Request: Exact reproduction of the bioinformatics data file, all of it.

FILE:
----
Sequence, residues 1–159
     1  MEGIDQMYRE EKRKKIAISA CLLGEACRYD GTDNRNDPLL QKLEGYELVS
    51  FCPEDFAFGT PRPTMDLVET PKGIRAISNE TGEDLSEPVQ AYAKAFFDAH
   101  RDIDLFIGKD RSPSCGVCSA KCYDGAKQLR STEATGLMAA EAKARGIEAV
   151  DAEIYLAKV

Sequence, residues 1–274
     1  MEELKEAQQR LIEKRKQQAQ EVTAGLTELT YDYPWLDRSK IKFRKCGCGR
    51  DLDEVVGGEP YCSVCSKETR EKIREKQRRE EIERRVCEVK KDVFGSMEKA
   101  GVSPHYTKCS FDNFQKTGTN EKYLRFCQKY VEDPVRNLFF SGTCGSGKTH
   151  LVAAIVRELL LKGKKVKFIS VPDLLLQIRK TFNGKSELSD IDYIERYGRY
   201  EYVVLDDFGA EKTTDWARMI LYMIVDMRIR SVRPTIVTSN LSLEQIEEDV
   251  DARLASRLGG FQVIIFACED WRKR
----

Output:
Sequence, residues 1–159
     1  MEGIDQMYRE EKRKKIAISA CLLGEACRYD GTDNRNDPLL QKLEGYELVS
    51  FCPEDFAFGT PRPTMDLVET PKGIRAISNE TGEDLSEPVQ AYAKAFFDAH
   101  RDIDLFIGKD RSPSCGVCSA KCYDGAKQLR STEATGLMAA EAKARGIEAV
   151  DAEIYLAKV

Sequence, residues 1–274
     1  MEELKEAQQR LIEKRKQQAQ EVTAGLTELT YDYPWLDRSK IKFRKCGCGR
    51  DLDEVVGGEP YCSVCSKETR EKIREKQRRE EIERRVCEVK KDVFGSMEKA
   101  GVSPHYTKCS FDNFQKTGTN EKYLRFCQKY VEDPVRNLFF SGTCGSGKTH
   151  LVAAIVRELL LKGKKVKFIS VPDLLLQIRK TFNGKSELSD IDYIERYGRY
   201  EYVVLDDFGA EKTTDWARMI LYMIVDMRIR SVRPTIVTSN LSLEQIEEDV
   251  DARLASRLGG FQVIIFACED WRKR